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Nov 3, 2023

TIABC Voice of Tourism Newsletter – November 3, 2023



The other day I saw a photo on Instagram of friends on vacation together in Palm Springs. I knew seven of the individuals but couldn’t place the eighth although he looked somewhat familiar. I finally texted my buddy who posted the image to ask who it was. Turns out I knew the guy but he had physically changed so much over the last decade, I didn’t recognize him.

Unfortunately, the older one gets, the more often these kinds of situations happen. Similarly, many times I’ve visited a destination several years after my first visit and forgotten what I had seen on previous trips, partly because the place itself has morphed into something different.

On that note, earlier this week I joined a few professional colleagues for Air Canada’s first Vancouver to Dubai direct flight for a series of meetings with United Arab Emirates (UAE) business leaders and associations. By way of background, I was part of the lobbying effort to convince the federal government to approve a new bilateral agreement between Canada and UAE (Air Canada and Emirates Airlines) on this new venture…hence the reason I was invited on the trip.

The last time I visited this Middle Eastern hub was more than a dozen years ago when the world’s tallest building (Burj Khalifa) had yet to open. I was with Tourism Vancouver at the time who, along with Visit Dubai, was a member of the BestCities (meeting) Alliance.

To say Dubai has changed since my last visit would be a gross understatement. The city is exploding with development consisting of thousands of new office towers, condos, hotels, marinas, restaurants, shopping centres, highways, rapid transit, attractions and more. Everywhere you look there are cranes in the sky as yet another project is completed at Mach speed. I almost didn’t recognize the place.

Nearly four million people now call Dubai home, 75% of them ex-pats. Some 40,000 Canadians live there lured by the exceedingly friendly business climate which makes it easy to move to the United Arab Emirates, set up a company, and service the needs of countries in the Middle East, Africa, India, Europe, and beyond.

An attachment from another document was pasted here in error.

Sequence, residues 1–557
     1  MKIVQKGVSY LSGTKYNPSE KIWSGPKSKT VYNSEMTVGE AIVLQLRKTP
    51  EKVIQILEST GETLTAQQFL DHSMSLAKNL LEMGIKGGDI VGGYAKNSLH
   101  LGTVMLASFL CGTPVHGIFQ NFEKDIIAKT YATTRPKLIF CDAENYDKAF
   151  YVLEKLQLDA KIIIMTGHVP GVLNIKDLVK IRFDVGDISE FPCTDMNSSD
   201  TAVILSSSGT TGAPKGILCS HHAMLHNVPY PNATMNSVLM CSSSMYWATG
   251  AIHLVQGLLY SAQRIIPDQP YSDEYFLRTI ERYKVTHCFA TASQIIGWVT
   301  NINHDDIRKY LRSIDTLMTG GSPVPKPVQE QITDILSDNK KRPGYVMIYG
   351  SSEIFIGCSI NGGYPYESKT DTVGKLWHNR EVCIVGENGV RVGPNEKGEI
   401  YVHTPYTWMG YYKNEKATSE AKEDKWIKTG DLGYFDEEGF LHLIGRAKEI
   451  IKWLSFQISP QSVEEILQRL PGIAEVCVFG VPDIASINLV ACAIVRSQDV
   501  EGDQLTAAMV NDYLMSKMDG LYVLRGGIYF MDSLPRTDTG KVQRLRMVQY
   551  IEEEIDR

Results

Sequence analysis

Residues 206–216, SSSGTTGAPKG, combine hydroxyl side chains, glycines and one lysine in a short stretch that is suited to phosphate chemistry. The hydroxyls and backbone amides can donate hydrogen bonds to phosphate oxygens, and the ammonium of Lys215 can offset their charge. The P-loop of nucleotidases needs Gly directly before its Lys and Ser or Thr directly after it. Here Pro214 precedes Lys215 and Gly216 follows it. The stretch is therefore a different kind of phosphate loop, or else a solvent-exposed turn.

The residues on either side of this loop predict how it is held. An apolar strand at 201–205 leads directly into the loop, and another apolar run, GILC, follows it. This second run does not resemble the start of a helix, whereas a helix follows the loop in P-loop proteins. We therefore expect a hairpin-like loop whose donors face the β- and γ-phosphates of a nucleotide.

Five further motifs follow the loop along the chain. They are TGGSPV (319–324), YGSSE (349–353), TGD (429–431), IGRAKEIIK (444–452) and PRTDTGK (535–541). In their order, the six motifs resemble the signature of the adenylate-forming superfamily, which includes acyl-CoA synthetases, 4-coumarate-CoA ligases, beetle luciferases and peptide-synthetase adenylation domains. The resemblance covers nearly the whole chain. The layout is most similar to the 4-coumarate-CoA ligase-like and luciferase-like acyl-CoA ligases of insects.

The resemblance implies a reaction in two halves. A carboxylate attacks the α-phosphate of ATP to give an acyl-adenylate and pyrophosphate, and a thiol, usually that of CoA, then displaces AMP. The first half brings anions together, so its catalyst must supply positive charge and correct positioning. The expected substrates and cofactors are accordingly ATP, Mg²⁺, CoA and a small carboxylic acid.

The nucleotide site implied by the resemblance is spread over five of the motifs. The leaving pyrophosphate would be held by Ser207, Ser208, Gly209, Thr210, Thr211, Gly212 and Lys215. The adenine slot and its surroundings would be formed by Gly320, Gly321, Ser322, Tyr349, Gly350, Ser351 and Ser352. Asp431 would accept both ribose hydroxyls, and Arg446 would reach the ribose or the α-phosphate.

From a tourism perspective, Visit Dubai is active in 50 markets worldwide with offices in 22 cities overseas. Their role extends well beyond what most DMOs do to include responsibilities such as issuing licenses to new tourism businesses, training tour guides, providing incentives to prospective tourism entrepreneurs, and assigning a rating to each of the 820 hotels in the city that remit a visitor tax commensurate with their ranking. With 170,000 hotel rooms and 87% average occupancy for all but the summer months, Visit Dubai’s revenue and budget is what most DMOs could only dream of. Hence the reason the city attracts upwards of 16 million international visitors annually.

To a person, every executive our delegation (Air Canada, Greater Vancouver Board of Trade, YVR, Vancouver Hotel Destination Management Association, TIABC) met with during our whirlwind visit was thrilled with the new Air Canada direct flight from YVR to Dubai.

All cited tremendous opportunities for partnerships across British Columbia’s major business sectors, including tourism. Many businesspeople from UAE have significant business and real estate holdings, including hotels, in British Columbia. Others are looking to invest in tourism products such as resorts and events. Their enthusiasm for BC was infectious.